Plus 3/Minus 8 Rule

Plus 3/Minus 8 refers to the initial three minutes after takeoff and the final eight minutes before landing in aviation. According to aviation crash investigators, this timeframe accounts for over 80% of all plane crashes. Between those intervals, the likelihood of a plane disaster decreases considerably. To increase your chances of survival, you must be highly aware and ready to respond during the first 3 minutes after takeoff and the final 8 minutes before landing. Here are some Survivor’s Club recommendations for what to do and what not to do during Plus 3/Minus 8:

  • Don’t fall asleep.
  • Check that your shoes are on and secure. If you’re going on a trip with your wife or girlfriend, make sure she’s wearing flats rather than high heels. It’s challenging to run in stilettos.
  • Don’t drink before boarding a plane. In the event of a collision, you want to be fully present.
  • Check that your seatbelt is buckled correctly — low and tight.
  • Review your action strategy.

You don’t have to be paranoid throughout this period; just remain alert and comfortable.

Fly in Bigger Planes if you Can.

According to FAA investigations, larger planes absorb more energy in a crash, which means you’re subjected to less lethal force, which may translate to a higher survival rate. Consider traveling on Southwest, whose whole fleet consists of 737s, and avoid regional airlines if possible; not only are their planes smaller, but they have double the number of accidents and issues as major carriers, and their pilots are frequently less experienced and overworked. It’s worth noting that major airlines often use a regional carrier for certain routes.

Your Way of Dressing Can Also Help

As previously stated, the majority of fatalities in aviation crashes are not caused by the hit itself. According to a report from the National Transportation Safety Board (NTSB) and the FAA, 68% of airplane occupants die from post-crash flames, either from burn injuries or smoke inhalation. The European Transport Safety Council (ETSC) discovered comparable results. They calculated that 90% of airplane accidents are avoidable and that at least 40% of previous fatalities were avoidable. The majority of those incidents were fire-related.

Cynthia Corbett, a human factors specialist at the Federal Aviation Administration’s Civil Aerospace Medical Institute, recommends dressing as though you need to flee a burning jet to restrict your time on board and avoid severe burns:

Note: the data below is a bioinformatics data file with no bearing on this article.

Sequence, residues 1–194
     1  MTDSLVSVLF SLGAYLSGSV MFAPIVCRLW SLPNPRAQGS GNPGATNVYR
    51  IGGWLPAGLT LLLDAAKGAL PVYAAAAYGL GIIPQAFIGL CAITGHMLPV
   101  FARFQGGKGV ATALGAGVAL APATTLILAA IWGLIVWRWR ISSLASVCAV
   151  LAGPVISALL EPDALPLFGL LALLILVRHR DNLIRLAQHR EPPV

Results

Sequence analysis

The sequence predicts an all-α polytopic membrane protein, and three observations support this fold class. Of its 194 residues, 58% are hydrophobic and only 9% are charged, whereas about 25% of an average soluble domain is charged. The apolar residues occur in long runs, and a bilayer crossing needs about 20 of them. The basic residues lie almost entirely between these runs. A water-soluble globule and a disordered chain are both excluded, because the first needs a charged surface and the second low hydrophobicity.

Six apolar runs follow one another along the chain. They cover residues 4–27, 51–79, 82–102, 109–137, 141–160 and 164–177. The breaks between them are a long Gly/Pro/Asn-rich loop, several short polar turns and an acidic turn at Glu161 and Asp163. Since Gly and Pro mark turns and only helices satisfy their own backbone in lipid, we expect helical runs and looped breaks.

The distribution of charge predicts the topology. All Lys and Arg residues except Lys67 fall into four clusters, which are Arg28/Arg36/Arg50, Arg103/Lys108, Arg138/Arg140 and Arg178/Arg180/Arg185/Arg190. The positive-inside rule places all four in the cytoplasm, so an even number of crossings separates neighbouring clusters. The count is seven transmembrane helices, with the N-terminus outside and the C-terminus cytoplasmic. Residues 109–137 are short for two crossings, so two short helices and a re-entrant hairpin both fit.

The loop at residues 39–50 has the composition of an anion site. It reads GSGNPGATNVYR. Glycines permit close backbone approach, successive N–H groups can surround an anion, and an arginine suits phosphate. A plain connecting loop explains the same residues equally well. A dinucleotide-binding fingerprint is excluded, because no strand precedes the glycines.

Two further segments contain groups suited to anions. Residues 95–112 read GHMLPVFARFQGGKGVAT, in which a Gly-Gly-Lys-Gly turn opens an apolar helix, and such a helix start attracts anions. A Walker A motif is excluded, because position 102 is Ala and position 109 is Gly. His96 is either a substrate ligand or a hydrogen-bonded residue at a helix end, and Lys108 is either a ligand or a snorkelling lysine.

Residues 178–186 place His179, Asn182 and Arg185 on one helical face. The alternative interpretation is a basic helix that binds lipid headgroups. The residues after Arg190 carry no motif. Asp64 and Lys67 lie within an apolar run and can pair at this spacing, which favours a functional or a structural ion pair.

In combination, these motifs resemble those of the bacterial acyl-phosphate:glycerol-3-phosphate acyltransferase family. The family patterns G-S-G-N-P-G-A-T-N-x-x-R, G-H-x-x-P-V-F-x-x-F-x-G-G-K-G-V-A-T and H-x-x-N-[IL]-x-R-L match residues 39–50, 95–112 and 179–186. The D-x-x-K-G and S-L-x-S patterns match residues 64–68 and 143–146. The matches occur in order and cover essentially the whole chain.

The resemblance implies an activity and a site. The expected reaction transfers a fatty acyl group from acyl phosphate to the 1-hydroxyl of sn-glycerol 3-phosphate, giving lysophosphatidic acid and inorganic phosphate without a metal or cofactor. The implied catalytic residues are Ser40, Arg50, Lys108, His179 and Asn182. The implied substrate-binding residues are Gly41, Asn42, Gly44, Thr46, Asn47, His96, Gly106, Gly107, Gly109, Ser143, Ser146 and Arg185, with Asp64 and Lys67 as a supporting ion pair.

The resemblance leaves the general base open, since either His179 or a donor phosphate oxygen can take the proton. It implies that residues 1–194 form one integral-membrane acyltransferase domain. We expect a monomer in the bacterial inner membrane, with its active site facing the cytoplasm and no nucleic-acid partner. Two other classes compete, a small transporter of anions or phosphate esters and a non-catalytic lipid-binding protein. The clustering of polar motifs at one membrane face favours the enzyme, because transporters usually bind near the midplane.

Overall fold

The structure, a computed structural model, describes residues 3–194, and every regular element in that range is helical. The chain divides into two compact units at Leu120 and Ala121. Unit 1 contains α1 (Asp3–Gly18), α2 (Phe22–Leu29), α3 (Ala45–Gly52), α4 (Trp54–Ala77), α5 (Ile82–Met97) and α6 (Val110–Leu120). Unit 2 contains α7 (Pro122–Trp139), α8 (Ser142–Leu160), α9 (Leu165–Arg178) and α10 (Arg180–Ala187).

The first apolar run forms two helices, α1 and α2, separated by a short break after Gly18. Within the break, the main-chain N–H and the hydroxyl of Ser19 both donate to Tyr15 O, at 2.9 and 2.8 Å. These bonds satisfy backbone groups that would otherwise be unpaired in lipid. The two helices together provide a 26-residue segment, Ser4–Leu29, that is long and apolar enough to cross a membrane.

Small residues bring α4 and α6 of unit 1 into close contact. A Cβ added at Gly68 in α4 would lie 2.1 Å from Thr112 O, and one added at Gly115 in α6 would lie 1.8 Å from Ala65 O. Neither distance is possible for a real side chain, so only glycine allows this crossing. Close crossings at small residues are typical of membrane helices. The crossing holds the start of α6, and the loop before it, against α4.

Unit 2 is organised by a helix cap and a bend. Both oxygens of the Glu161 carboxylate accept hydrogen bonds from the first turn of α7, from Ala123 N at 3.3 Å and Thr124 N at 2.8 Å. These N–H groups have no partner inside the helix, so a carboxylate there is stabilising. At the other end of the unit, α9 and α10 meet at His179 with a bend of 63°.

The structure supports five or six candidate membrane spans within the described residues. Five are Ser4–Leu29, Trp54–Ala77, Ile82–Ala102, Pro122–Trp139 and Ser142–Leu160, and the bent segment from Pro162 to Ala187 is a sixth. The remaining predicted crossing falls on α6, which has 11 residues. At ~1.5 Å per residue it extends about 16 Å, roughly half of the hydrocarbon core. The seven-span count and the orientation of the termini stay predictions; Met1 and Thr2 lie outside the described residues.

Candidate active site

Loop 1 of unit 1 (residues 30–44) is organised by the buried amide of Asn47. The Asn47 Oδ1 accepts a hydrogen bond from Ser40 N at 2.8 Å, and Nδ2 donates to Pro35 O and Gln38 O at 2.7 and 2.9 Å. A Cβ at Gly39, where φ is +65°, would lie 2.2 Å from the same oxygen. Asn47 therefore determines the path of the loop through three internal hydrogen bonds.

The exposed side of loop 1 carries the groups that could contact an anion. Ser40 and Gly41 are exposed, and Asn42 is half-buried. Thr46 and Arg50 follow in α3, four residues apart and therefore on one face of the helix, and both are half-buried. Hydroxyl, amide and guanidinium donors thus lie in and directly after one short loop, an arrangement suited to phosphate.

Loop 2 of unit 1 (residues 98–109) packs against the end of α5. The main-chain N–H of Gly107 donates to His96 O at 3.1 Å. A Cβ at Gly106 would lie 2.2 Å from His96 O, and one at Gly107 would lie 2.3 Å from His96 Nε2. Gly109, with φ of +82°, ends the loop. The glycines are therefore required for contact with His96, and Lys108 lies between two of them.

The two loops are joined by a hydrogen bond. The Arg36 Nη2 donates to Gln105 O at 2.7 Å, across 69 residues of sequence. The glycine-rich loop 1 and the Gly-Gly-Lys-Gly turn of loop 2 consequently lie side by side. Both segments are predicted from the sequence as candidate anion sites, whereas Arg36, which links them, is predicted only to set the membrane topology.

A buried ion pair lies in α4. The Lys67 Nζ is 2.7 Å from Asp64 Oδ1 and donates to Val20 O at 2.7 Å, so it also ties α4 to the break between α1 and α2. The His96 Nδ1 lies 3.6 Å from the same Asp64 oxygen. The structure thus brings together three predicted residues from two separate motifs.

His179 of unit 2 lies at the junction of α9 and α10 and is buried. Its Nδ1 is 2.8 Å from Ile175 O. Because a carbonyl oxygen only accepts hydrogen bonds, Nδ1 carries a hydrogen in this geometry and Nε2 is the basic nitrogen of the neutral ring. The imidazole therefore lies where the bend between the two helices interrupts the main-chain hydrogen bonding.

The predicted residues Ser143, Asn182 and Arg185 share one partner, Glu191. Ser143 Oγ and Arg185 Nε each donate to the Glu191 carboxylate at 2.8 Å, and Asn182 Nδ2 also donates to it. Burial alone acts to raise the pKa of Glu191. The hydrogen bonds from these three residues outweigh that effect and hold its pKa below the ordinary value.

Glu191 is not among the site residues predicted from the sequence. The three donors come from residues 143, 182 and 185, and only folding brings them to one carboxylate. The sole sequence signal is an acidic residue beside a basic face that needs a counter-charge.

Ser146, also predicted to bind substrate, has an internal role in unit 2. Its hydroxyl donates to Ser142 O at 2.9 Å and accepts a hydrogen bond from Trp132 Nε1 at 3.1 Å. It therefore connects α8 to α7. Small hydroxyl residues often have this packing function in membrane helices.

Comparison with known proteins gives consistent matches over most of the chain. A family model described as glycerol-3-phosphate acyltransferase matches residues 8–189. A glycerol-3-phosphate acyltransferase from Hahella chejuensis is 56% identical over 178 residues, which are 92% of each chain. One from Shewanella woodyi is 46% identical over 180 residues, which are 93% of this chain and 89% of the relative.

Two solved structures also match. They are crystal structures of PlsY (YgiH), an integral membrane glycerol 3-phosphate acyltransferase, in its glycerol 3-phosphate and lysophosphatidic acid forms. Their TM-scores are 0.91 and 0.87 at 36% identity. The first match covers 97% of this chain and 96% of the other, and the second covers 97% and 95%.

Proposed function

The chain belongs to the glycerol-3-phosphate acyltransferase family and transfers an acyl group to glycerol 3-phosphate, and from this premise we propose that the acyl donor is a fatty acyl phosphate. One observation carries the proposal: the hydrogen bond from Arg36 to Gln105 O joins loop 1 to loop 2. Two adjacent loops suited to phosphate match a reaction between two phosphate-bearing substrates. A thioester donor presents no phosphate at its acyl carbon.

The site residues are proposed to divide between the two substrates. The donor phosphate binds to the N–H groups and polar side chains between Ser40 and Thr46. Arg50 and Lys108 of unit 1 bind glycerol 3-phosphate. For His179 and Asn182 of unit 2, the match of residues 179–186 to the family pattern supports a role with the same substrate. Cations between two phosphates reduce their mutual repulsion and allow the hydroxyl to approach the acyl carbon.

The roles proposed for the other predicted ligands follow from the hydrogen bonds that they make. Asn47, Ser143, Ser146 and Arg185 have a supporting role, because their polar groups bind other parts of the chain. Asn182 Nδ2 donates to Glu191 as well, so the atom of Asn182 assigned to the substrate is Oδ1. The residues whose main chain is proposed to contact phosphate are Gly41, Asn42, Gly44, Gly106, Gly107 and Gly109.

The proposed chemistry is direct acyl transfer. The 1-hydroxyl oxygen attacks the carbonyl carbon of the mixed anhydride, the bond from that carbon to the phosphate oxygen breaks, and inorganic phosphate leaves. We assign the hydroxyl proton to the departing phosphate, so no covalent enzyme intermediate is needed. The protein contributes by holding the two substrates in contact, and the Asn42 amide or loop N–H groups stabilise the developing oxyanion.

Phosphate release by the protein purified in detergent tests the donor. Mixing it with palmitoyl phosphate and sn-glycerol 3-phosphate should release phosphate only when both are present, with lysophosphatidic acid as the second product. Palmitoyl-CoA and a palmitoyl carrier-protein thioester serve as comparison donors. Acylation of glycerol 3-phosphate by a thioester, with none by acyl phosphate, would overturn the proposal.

“If you have to do that, how well are your flip-flops going to perform? How well are your high-heeled shoes going to perform? When you’re sliding down that fabric slide out of the plane, are pantyhose going to withstand? Shorts and skirts and high-heeled shoes just are not our preferred attire for flying, because it’s hard to run in those kinds of shoes and actually escape when you’re not clothed properly. We like to see tie-on shoes that you’re not going to run out of and long pants. Jeans are good. I know in the summer that’s really tough, but short-shorts are just real dangerous in that event…”

It’s also a good idea to bring a long-sleeved t-shirt or jacket. To avoid melting, make sure your garment is composed of 100% cotton or wool. Wear no synthetic textiles. Sorry, I know they’re comfortable. It also doesn’t hurt to keep a handkerchief in your jacket pocket if you need to conceal your face. You can moisten it with the water they provide and use it as a temporary breathing mask.

Keep an Ear Out for Flight Attendants and Read the Safety Card.

Even if you’ve heard the pre-takeoff speech a million times, you should still listen. It’s for your own safety. I know you know how to put on your seatbelt because you can read this, which means you are smart enough to understand the basics of how to put on your seatbelt. Even so, listening to what the flight attendants say is still important. The safety cards show you how to get out of the building, where the exits are, and how to use flotation devices and oxygen masks, which are skills you’ll need to learn quickly.